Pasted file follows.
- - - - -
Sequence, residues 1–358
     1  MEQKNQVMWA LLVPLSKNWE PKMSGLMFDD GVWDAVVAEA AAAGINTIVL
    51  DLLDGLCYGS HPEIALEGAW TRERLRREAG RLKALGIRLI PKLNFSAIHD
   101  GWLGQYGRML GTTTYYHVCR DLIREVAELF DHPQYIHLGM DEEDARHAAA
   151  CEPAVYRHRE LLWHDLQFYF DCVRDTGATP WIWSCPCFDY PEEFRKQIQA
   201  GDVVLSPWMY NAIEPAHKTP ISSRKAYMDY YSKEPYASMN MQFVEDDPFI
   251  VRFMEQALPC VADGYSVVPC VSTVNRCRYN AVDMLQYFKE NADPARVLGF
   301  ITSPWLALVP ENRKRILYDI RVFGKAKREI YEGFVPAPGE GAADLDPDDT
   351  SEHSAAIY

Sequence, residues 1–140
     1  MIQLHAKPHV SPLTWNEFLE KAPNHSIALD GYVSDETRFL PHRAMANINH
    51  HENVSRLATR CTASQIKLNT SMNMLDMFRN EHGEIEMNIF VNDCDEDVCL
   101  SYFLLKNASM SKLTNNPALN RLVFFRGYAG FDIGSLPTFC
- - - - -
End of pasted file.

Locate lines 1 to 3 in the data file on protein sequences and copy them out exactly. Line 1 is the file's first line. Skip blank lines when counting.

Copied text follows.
Sequence, residues 1–358
     1  MEQKNQVMWA LLVPLSKNWE PKMSGLMFDD GVWDAVVAEA AAAGINTIVL
    51  DLLDGLCYGS HPEIALEGAW TRERLRREAG RLKALGIRLI PKLNFSAIHD